Because yeah, where else can you listen to a feminist look at the holiday animated classic “Grandma Got Run Over By a Reindeer?” In fact, our holiday fun began last fall with Catherine Yang’s millennial take on the classic TV series Charmed. Halloween, the Charmed re-boot and the feminist framework of this often overlooked original series put us in the mood to remind you all the reasons why it’s worth a re-watch or first watch.

We also had a rare interview with a man! Sometimes they make the best experts on a topic! Jim Jax is a prolific podcaster who calls out sexism in the sports industry. He shared knowledge and perspective into the careers of women sports reporters who’ve been attempting – attempting to report on sports for more than 40 years. That’s one more hashtag social movement that trends occasionally – hashtag let them work.

Because in summer 2019, we know some men don’t understand professional boundaries.

Clip from ESPN

Indeed, this was a season of hashtags and this podcast has a place in telling some of those stories and occasionally connecting dots. 

In October the talented Linda Bloodworth-Thomason went public with the treatment, 25 years ago from TV executive Les Moonves. Listen to that episode if you too wonder why some women fall of the radar, can’t be found on social media, drifted from promising careers. We are emboldened when someone like the creator of Designing Women finds her voice again.

Those were among the stand-alone episodes we produced. For a podcast like ours, the pace was unsustainable.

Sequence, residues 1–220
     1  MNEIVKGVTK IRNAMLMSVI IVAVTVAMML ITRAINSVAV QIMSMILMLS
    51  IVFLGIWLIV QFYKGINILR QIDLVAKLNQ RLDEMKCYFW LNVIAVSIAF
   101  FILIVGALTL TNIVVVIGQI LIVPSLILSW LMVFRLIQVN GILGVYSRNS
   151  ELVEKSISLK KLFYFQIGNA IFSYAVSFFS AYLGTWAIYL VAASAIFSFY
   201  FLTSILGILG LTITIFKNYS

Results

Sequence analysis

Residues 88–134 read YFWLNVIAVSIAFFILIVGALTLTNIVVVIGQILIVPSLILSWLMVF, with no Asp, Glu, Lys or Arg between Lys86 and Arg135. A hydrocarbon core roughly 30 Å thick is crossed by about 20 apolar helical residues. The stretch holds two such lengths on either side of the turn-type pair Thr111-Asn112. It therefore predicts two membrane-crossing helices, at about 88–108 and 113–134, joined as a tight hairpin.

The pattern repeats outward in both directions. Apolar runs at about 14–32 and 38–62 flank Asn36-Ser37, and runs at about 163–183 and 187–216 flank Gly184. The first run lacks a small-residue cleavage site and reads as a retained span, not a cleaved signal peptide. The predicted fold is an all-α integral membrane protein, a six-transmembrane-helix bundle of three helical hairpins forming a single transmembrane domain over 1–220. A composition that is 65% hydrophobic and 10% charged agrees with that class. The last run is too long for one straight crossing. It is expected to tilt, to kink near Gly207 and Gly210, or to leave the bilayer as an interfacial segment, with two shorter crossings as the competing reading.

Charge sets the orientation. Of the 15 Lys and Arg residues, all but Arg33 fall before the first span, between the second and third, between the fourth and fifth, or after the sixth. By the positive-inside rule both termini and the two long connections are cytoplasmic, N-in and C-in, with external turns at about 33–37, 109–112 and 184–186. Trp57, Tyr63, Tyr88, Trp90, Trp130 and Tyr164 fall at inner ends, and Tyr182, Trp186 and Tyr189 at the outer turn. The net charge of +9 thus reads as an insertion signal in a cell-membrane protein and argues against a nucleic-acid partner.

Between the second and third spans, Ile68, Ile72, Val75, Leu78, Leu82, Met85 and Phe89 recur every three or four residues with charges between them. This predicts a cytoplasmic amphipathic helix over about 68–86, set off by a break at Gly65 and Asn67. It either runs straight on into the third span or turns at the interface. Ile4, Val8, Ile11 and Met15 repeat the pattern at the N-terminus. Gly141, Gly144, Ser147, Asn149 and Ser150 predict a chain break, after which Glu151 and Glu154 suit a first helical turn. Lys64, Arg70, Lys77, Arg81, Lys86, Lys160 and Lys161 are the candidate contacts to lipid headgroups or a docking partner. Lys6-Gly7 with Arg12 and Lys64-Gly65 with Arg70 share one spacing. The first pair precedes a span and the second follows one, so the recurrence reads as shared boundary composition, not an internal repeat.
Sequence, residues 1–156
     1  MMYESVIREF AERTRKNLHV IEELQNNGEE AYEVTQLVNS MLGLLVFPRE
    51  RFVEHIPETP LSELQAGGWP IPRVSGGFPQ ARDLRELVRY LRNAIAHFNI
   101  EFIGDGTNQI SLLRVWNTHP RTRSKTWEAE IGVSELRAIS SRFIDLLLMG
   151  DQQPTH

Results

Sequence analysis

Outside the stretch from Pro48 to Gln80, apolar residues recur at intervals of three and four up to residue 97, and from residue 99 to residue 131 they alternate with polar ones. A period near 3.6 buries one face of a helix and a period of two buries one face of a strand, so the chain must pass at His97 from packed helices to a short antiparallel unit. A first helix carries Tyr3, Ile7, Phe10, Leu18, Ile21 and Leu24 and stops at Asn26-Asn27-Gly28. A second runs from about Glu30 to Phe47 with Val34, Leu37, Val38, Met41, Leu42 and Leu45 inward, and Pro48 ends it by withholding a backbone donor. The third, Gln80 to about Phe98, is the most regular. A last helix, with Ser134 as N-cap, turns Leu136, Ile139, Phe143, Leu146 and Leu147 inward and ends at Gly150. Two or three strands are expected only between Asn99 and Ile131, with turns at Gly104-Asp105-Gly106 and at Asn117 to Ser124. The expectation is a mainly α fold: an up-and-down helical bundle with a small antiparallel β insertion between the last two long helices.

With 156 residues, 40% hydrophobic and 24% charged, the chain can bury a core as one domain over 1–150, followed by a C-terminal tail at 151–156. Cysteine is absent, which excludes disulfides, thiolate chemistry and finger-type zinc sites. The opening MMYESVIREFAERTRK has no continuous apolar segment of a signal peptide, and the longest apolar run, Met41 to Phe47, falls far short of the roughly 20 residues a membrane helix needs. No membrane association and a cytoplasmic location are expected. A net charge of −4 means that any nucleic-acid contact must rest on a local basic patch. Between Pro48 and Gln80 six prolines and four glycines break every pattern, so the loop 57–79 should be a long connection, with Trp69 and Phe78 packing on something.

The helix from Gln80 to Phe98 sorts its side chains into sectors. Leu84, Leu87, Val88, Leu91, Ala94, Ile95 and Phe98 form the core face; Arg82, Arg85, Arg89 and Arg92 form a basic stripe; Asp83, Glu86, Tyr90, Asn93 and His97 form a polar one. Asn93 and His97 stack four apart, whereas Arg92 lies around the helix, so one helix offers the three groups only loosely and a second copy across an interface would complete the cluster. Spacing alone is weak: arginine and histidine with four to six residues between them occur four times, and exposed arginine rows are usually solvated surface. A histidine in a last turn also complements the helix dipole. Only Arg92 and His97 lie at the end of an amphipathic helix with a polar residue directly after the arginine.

With more time to research and prepare, we brought you a five episode season that I hope that put The Judy Garland Show, which aired in 1963 and 1964 into your heart. My afternoon hosting Chicago’s award-winning Judy Garland expert Angela Ingersoll in our new home, while it was still under renovation, is a cherished memory. A fun interview conducted on my grandmother’s card table.

Yes, I love my work. But the podcast universe demands so much more than just fascinating content produced with love for your tender ears. This year we upped our social media game a bit.  Follow us on Instagram and Twitter where we have fun tying in news of the day with our old episodes, celebrate the births and careers of great women of TV, and weigh in on recognition, awards and headlines. 

On Instagram, we’re AdvancedTVHerstory. On Twitter, it’s just TVHerstory.

Also this year, our podcast became available on Spotify and Pandora. If that’s how you listen to music and other podcasts, your life just got easier.  Also, if you’re new-ish to the show and are looking for help in understanding the method to the madness of 100 + episodes, Catherine re-arranged the website so that categories and their collections are more pronounced. See for yourself at tvherstory – dot – com.

While you’re at the website, DO sign up for our e-newsletter. Not spam, contains no advertising – just a handful of notes, celebrations and coming attractions that keep us connected to you.

So what will this year bring? Listeners have told me the podcast is at its best when it ties headlines of the day with TV herstory so content-wise, more good stuff. Stay tuned as we expand our voice by writing for publications and posting more transcripts of past episodes. And by all means, if you’d like any of these topics brought to a  keynote, conference, workshop or classroom, shoot me a message using the contact form at the website.

And I’m saying this out loud because experts say when you say it out loud, it starts to become more real… every time I re-read a script and feel my energy for subject matter surge all over again, I tell myself this all deserves to be in print, in a book, because it’s EXACTLY the book you’d pick up at the airport or give as a gift. 

Let me know what you think about that or dots you’re connecting from your viewing experience that you’d like us to pursue. 

Thank you for making Advanced TV Herstory part of your listening and learning. You’re the best!


I’m your host, Cynthia Bemis Abrams